He stopped in his looking at me, and slowly rubbed his right hand over his head.... He sat down on a chair that stood by the fire, and covered his forehead with his large brown veinous hands'. Towards the end of the book Dickens does the opposite and uses an acceleration of pace. 'They had pulled one sudden stroke ahead, had got their oars in, had a run thwart us, and were holding on to out gunwale, before we knew what they were doing. This shows Pip as being excited as he is rushing what he is saying as he is not describing anything in detail and can't to say what happened. Another very good technique that dickens uses in Great Expectations is Dickens's larger than life characters that have been exaggerated to make the story come alive and more believable. A good example is Miss Havisham, as she is regularly described by Pip as "some ghastly waxwork from the fair" and having" dark eyes". She is also described as a "skeleton", and someone who had "shrunk to skin and bone" and having clothes that were faded and lost their brightness. This makes the reader perceive her as a very evil and dead person. As I can see from his wide range of techniques that are used to great effect Dickens is able to gain and sustain the readers interest from the very start and keeping it going right through to the end of the book which makes Great Expectations so well renowned even today. ...read more.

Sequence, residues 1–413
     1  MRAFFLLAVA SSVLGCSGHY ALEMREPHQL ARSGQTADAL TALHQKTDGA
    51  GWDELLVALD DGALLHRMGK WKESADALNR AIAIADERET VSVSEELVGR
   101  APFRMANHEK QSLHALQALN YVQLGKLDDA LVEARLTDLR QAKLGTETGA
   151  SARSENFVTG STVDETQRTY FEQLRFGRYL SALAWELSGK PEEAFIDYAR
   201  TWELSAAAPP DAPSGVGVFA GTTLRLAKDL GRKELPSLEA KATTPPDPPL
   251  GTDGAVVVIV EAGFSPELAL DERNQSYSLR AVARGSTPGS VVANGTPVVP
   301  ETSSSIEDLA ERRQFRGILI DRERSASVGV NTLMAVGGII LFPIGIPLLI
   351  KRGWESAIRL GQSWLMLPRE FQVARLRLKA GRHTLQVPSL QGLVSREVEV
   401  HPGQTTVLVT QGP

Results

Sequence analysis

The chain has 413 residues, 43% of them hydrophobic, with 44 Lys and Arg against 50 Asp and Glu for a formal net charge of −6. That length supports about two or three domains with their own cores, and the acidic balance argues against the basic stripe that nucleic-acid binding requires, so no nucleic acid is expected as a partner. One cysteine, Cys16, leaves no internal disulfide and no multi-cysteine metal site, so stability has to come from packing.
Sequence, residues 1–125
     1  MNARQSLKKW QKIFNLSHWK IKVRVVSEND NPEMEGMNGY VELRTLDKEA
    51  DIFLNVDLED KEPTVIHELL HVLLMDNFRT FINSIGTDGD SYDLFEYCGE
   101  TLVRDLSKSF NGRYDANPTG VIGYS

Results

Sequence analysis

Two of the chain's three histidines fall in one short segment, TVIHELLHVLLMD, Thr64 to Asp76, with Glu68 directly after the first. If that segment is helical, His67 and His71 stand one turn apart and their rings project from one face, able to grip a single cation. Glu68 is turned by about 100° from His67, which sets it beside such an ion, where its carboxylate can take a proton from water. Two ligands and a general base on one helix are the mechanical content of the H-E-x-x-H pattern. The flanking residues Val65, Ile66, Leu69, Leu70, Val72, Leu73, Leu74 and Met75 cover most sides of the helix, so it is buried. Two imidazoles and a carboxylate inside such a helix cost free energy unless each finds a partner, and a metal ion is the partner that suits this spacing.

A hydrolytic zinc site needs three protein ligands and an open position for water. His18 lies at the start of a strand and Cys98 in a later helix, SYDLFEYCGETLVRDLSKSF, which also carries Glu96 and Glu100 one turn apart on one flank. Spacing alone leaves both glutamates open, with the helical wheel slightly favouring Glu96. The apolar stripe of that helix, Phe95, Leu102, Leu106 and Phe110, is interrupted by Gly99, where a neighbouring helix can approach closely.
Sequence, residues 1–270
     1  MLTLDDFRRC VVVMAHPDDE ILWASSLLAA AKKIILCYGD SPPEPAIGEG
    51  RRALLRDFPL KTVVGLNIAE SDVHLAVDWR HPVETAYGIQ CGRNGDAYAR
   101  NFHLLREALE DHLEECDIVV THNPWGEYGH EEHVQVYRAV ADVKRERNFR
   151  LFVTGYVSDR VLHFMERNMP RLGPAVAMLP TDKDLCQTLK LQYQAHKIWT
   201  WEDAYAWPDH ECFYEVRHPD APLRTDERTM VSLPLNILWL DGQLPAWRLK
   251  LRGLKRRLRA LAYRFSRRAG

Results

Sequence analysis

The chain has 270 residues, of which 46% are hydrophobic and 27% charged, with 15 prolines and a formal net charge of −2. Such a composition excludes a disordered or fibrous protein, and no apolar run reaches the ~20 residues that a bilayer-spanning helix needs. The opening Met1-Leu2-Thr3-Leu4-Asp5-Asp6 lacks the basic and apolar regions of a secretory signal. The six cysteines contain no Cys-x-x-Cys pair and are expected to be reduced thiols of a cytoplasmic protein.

The above preview is unformatted text

This student written piece of work is one of many that can be found in our GCSE Great Expectations section.

Found what you're looking for?

  • Start learning 29% faster today
  • 150,000+ documents available
  • Just £6.99 a month

Not the one? Search for your essay title...
  • Join over 1.2 million students every month
  • Accelerate your learning by 29%
  • Unlimited access from just £6.99 per month

See related essaysSee related essays

Related GCSE Great Expectations essays

  1. Charles Dickens's writing techniques in Great Expectations.

    Throughout all of his childhood, Pip is intimidated by just about anything and tries to avoid trouble whenever possible: Although this made Pip's childhood miserable, in time, Pip learned to face his fears. Besides being afraid of himself, Pip found that he lost his self esteem because people would say things to make him feel bad.

  2. Great Expectations - Why is it so enjoyable?

    Pips journey to meet 'the Convict' in Chapter 3 where he wades through the mist upon the marshes and cobwebs on hedges are recalled when he sees the smoke leaking from the fire and the cobwebs on the cake on the cake in Chapter 11.

  1. Clearly dickens must use a wide range of techniques to gain and sustain his ...

    So even though Pip appears ungrateful to Joe, Joe still shows dear respect to him, thus creating more distance between them. These well-portrayed characters are what brings the story to life, and therefore help keep the readers interest. Other than the characters being larger than life, many characters' personalities clash, and are extremely opposite.

  2. ‘A snob’s progress’ – is this how we should read Great Expectations?

    Samuel Smiles put forward the theory of self-help and books were written on the subject with Thomas Carlyle, for instance, exploring the theory that you have to work to rise in status and repay moral debts. Pip is from a very low social class, living with a Mr Joe Gargery,

  • Over 160,000 pieces
    of student written work
  • Annotated by
    experienced teachers
  • Ideas and feedback to
    improve your own work